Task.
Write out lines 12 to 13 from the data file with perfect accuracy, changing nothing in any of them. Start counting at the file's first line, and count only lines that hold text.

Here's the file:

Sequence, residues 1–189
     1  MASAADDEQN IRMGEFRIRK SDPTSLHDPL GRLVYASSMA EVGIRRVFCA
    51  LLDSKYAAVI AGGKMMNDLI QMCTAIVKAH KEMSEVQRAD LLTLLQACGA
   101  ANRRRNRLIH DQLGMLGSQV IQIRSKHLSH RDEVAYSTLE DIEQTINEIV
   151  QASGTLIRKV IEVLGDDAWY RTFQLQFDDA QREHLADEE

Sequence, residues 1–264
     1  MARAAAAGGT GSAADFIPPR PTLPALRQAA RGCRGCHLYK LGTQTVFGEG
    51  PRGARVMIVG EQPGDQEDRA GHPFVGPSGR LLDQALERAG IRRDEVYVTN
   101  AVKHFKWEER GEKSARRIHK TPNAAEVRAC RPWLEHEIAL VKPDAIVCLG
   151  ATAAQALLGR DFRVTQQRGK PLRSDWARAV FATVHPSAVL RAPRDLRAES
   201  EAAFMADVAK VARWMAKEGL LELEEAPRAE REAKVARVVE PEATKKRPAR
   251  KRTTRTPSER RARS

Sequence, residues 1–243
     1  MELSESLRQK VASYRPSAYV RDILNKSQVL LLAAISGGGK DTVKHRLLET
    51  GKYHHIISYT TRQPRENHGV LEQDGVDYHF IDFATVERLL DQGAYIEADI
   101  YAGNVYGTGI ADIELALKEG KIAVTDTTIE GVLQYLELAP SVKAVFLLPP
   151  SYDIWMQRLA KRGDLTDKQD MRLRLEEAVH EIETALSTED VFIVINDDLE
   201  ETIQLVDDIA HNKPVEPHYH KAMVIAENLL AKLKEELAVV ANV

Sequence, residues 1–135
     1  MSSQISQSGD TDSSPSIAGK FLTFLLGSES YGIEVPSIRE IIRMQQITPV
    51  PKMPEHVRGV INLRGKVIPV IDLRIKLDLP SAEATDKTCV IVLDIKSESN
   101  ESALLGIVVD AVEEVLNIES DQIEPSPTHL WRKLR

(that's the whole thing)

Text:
   251  KRTTRTPSER RARS

Sequence, residues 1–243